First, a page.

Recreational Marijuana News

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lifestyle
recreational
Mon
11
May

Why More Marijuana Regulation Will Lead To Fewer Cannabis Cups

Many praise marijuana legalization as the most effective way to wrest from criminals the well-entrenched illegal market they have created over the past few decades. Many praise the regulations that come with legalization for helping to ensure control and transparency over marijuana businesses and their products. Of course not everyone approves of marijuana regulation, especially those who make their money on unregulated marijuana markets. Marijuana cups and competitions thrive on an unregulated cannabis industry and regulations are starting to cause them hard times.

Mon
11
May

Kansas' broad marijuana bill attracts bulk of GOP votes

Supporters of a broad bill that would ease marijuana laws wending its way through the Kansas Legislature claim it's a narrow enough set of reforms that conservative Republicans can vote for and demonstrates a shift in the long-running discussion.

Kansas' GOP-dominated House passed the bill by a wide margin Thursday, making it the most serious push to liberalize Kansas' marijuana policies in decades. The bill would decrease penalties for marijuana possession, order a state study of industrial hemp and allow limited production and sale of hemp oil to treat seizures.

Democratic Rep. Gail Finney from Wichita, who for many years has supported comprehensive marijuana legislation, said efforts to "educate" the Legislature have "paid off."

Mon
11
May

Marijuana is really just a weed in some places

Being a seasoned traveler and photographer, a journey to the Kingdom of Bhutan placed high on my bucket list.

Several years ago I visited there in a trip which also included China, Tibet and Nepal. The breathtaking flight from Nepal to Bhutan gave us spectacular views of Mt. Everest and the snow-covered Himalayan mountain range.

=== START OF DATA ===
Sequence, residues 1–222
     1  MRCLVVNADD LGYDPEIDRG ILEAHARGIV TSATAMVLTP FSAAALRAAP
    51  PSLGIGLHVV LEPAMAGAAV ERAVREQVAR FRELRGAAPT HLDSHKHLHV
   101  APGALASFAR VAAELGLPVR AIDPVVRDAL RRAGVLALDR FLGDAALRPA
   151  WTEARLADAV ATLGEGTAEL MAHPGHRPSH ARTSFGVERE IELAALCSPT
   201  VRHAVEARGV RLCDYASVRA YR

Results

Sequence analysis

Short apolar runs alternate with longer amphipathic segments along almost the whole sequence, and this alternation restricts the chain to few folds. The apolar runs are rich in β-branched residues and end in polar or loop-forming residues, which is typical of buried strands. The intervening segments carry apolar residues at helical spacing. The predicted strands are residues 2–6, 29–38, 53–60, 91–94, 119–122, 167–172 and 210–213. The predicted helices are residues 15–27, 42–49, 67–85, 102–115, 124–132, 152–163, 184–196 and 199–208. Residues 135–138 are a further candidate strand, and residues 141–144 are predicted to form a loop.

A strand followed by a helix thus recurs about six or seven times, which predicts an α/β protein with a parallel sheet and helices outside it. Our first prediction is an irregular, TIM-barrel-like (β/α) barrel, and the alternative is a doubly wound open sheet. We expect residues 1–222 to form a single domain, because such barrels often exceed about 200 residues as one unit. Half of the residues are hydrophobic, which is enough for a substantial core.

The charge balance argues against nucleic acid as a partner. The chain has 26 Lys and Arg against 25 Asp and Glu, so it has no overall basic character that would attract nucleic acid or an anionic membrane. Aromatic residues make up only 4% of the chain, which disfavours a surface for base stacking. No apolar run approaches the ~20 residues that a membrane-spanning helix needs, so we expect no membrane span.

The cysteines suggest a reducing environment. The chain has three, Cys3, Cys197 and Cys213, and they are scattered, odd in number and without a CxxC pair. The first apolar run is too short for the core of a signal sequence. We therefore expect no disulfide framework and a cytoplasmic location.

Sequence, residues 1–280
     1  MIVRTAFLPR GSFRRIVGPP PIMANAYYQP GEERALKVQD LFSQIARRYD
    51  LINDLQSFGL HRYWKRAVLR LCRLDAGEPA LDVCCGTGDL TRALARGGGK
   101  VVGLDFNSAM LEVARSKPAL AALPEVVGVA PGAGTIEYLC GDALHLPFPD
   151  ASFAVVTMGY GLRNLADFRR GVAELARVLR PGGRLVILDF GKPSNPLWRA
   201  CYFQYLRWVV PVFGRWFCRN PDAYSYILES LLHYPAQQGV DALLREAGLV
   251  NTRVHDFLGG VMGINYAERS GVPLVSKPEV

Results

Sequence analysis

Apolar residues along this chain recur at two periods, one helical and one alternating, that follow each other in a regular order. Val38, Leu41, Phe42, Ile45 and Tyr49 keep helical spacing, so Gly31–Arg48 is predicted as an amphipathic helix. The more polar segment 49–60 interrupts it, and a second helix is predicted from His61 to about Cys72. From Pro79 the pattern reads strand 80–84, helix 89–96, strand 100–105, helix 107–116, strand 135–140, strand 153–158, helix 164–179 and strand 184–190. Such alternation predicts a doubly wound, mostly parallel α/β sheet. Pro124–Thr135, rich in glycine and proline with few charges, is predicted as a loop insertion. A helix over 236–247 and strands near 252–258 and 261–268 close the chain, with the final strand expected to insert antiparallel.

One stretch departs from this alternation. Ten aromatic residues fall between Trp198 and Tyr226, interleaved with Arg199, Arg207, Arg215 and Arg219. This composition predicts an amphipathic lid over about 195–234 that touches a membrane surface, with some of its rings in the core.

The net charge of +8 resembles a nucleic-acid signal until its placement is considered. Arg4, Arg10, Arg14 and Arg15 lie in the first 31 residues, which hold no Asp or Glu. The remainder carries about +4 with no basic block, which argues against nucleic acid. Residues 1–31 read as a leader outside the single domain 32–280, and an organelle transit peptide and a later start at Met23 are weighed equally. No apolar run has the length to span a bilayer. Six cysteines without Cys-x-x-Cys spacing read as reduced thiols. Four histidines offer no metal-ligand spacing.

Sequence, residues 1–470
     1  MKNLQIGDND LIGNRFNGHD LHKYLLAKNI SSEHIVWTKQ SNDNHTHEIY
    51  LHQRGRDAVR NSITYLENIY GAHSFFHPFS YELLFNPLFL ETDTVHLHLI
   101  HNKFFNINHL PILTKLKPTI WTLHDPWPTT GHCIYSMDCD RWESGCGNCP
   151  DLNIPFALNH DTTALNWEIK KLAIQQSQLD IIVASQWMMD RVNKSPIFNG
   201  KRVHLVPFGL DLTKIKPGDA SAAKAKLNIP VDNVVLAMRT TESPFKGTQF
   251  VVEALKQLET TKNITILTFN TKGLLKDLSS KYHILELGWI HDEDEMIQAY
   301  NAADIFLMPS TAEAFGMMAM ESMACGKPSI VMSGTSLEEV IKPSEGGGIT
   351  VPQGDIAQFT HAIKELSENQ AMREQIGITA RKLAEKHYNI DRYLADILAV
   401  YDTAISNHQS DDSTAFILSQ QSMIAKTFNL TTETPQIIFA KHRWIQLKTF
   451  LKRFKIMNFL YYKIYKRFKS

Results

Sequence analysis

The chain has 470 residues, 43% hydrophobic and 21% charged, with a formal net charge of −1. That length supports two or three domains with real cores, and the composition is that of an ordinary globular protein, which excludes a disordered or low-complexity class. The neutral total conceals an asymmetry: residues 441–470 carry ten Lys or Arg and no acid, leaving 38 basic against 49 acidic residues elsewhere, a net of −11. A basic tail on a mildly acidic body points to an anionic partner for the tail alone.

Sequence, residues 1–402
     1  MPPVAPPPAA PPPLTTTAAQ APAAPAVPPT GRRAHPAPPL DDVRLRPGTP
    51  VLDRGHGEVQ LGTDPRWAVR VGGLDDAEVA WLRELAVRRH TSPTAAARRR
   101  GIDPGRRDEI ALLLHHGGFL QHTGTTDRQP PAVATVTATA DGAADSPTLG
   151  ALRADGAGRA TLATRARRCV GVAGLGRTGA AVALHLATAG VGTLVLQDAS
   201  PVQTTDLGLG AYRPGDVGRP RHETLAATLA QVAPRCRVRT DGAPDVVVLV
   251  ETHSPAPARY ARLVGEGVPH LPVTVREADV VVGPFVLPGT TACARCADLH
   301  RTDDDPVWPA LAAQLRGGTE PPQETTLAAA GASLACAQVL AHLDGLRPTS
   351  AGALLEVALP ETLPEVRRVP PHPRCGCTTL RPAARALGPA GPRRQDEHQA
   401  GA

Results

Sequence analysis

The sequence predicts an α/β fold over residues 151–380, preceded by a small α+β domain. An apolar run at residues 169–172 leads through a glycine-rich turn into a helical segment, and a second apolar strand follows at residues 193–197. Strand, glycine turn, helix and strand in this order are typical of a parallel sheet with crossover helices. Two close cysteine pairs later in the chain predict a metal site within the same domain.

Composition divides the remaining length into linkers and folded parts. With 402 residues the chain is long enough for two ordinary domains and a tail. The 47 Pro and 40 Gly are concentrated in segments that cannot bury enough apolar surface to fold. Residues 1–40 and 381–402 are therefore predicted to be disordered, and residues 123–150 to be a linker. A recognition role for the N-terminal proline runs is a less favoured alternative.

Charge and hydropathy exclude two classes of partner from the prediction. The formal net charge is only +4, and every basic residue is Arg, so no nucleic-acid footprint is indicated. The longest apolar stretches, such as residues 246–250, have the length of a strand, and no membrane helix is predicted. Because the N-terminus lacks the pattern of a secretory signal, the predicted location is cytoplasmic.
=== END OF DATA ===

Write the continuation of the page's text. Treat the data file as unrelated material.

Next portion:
I thought I must have died and gone to Heaven.

As it turned out, the King of this tiny mountain democratic monarchy in the Himalayas was getting married the same week as my visit. The towns were exquisitely decorated and people donned their best regalia. Excitement was at a near frenzy in this normally sleepy and pastoral country. Every television was tuned in to the festivities, all eyes glued to the screen.

Mon
11
May

WA Medical-marijuana activist takes state to task for safety of recreational pot

Seated at a desk inside his downtown Seattle hotel room, Dr. Gil Mobley pulled out a sterile field surgery kit, snapped on latex gloves and pulled a mask over his face.

He carefully arranged his medical instruments, grabbed tweezers and went to work.

Mobley, 60, wasn’t performing hotel-room surgery. He and fellow medical-marijuana activist Brian Stone were carefully preparing two ounces of Blazin’s Grapefruit purchased that morning from Uncle Ike’s Pot Shop in Seattle’s Central District. The pot cost more than $700.

The room reeked when a hotel maid cracked the door and said, “housekeeping.” Mobley shooed her away.

Mon
11
May

Oregonians risk federal ire on marijuana

Oregon legalized medical marijuana in 1998 with Ballot Measure 67, and last year Oregon legalized the recreational use of marijuana with Measure 91, which will take effect July 1, 2015.